4to [20.3 x 15.6 cm], (10) ff., 152 ff., with woodcut device on title, woodcut headpieces, initials and tailpieces. Half bound in calf and marbled boards, gold-tooled title label laid to spine. Spine and boards rubbed and stained. Title page dusty and with ink shelf-mark, book label and release stamp of Trinity College Cambridge on verso of title, minor marginal worming in first ten leaves, pencil annotations to endpapers and occasionally in text, a few minor edge tears, moderate waterstaining throughout.
First edition of the renowned physician Bartolomeo Eustachi’s (c. 1500-1574) commentary on the Vocum of Erotianus (active c. 50-70 A.D.) an ancient collection of words found in the corpus of Hippocrates (c. 460-370 B.C.). A contemporary of Andreas Vesalius (1514-64), with whom he shares the distinction of having created the science of human anatomy, Eustachi was “perhaps the greatest anatomist of his time, and probably no other anatomist, ancient or modern, has made so many discoveries” (Thomas, p. 877). The work of Erotianus is notable for containing the earliest list of the writings of Hippocrates – which makes reference to several treatises now lost – and for providing ancient lexicographic information concerning not only the medical terminology of Hippocrates, but also many Greek usages found elsewhere in ancient prose and poetry of all sorts. Eustachi here brings to bear on Erotianus/Hippocrates the most up-to-date humanistic understanding of Greek grammar and medical practice, citing nearly 100 authors in his discussion of the more than 1200 terms chosen by Erotianus (all indexed in the front of the volume). Each entry consists of the Greek term from Hippocrates, the Latin gloss of Erotianus, and a longer annotatio by Eustachi.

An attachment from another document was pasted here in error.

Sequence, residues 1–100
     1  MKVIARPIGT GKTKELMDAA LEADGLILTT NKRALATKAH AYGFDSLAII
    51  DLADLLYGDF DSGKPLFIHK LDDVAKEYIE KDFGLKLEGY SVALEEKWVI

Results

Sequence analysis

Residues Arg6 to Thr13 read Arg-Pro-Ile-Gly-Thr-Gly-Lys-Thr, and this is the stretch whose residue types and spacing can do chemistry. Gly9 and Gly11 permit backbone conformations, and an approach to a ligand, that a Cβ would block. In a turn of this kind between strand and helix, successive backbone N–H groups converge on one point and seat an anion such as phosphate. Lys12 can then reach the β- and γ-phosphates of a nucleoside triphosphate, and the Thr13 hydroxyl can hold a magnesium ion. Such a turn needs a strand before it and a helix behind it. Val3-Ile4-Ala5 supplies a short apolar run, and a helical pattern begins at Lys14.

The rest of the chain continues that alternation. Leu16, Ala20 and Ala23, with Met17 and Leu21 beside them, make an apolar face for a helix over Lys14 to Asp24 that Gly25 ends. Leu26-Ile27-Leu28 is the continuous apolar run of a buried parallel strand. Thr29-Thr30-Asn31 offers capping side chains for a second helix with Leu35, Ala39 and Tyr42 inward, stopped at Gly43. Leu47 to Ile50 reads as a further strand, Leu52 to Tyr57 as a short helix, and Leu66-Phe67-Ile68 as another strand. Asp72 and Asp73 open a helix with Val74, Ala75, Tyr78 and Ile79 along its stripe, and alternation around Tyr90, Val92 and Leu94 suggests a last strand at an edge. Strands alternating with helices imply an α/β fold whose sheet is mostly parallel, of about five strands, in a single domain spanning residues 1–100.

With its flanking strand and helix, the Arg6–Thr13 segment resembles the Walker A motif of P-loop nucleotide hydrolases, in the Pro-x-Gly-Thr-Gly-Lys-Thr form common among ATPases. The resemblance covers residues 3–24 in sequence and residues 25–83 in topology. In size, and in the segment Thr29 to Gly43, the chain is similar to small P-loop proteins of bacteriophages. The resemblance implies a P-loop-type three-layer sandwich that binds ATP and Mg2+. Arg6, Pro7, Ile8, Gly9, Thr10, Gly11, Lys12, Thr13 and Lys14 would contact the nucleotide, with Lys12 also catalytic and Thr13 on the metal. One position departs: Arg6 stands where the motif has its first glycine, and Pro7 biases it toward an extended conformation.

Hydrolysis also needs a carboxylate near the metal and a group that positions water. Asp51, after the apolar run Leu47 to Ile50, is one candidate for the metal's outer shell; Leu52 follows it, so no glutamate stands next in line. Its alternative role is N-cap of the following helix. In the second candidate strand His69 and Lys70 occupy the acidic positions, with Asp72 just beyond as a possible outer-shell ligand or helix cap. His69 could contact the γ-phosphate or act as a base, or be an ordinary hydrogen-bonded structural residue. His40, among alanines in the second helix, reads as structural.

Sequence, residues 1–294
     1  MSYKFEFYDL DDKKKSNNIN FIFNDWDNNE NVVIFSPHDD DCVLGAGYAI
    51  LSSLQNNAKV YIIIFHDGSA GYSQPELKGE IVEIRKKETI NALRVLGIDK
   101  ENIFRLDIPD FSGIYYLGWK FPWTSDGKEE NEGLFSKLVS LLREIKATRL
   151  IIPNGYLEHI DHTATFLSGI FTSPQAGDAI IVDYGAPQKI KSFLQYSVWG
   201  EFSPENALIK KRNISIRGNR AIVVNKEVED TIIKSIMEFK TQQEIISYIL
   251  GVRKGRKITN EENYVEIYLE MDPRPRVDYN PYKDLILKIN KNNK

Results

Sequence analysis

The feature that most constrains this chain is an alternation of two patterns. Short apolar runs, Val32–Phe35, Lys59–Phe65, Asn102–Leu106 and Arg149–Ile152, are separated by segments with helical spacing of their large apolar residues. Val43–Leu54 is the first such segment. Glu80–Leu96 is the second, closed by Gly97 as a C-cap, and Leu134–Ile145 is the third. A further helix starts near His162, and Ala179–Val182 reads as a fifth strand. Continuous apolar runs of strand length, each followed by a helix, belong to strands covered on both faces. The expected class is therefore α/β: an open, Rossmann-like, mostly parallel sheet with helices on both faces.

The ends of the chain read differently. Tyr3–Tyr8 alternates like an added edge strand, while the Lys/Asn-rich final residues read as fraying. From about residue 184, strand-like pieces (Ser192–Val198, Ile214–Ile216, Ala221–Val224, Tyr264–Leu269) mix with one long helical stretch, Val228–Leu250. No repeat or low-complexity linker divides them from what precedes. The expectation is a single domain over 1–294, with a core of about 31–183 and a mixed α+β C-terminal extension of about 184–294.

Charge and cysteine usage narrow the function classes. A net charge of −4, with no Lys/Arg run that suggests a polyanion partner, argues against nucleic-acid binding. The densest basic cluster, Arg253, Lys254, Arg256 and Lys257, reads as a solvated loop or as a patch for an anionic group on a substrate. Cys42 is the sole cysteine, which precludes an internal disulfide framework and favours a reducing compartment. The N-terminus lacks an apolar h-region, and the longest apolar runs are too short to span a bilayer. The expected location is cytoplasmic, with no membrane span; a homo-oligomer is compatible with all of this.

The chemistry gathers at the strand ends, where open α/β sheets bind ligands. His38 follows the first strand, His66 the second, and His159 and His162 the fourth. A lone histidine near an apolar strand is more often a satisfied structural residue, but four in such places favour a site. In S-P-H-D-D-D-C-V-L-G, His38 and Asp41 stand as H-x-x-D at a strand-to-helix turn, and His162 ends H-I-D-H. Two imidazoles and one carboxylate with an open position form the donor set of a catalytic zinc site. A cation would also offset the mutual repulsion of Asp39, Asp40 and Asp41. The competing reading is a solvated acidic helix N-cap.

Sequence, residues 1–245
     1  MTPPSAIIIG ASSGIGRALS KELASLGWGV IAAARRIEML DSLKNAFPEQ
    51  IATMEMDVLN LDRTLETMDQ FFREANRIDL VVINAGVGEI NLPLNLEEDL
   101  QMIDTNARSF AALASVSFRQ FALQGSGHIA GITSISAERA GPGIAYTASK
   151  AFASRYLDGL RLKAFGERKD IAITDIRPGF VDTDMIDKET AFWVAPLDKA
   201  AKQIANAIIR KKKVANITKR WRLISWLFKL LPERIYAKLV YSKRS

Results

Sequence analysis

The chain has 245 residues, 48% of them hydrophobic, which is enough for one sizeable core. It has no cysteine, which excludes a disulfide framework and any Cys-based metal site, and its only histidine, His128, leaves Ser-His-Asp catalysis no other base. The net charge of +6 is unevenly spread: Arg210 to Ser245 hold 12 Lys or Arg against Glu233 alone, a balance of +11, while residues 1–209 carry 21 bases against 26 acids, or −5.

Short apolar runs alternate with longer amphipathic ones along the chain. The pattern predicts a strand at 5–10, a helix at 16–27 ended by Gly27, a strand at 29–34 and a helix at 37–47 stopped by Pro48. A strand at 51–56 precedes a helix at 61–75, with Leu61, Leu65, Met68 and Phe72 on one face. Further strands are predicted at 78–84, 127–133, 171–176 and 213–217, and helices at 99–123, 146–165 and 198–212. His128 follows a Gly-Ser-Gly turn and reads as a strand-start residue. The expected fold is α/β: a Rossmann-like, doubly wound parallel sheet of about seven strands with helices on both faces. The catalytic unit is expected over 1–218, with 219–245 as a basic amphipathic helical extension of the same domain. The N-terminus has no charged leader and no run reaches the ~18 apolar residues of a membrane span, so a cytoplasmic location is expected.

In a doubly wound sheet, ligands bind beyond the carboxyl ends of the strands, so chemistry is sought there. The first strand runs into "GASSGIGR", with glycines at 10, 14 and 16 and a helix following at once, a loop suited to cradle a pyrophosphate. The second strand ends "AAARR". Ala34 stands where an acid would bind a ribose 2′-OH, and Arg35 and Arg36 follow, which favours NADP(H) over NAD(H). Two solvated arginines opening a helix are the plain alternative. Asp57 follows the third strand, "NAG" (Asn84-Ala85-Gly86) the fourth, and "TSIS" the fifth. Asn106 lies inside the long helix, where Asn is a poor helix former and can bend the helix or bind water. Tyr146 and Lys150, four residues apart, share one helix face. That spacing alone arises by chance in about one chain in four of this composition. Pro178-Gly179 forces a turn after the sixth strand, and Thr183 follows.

Eustachi, born in San Severino, studied medicine in Rome and became a professor at the Sapienza by 1562. Although patronized by Cardinal Borromeo, he is said to have died in poverty. Eustachi greatly advanced the anatomical understanding of the ear (the Eustachian tube is named after him), is the first to have accurately described the anatomy of teeth, and was the first to discover the adrenal glands. His greatest work was to have been a book of engraved anatomical figures in the manner of Vesalius. Although finished in 1552, nine years after the great work of Vesalius appeared, the Tabulae anatomicae was not printed until 1714, thereafter becoming a bestseller in its several eighteenth-century editions.
The present volume, it should be noted, represents not only the first edition of Eustachi’s commentary, but also the first separate edition of Erotianus itself, postdating only the version contained in Henri Estienne’s (c. 1528-98) medical anthology, Dictionarium medicum (Geneva, Stephanus, 1564).
OCLC locates U.S. copies at UCLA, Northwestern, Illinois, National Library of Medicine, Washington University in Saint Louis, Yale Medical, Harvard, Dartmouth, and the Rochester Medical Center.
* Adams E927; L. Choulant, History and Bibliography of Anatomic Illustration (M. Mortimer trans.), pp. 200-4; Dizionario biografico degli italiani, vol. 43, pp. 531-6; J. Thomas, The Universal Dictionary of Biography, vol. 2, p. 877; K. B. Roberts, “Eustachius and His Anatomical Plates,” Newsletter for the Canadian Society for the History of Medicine (1979), April, pp. 9-13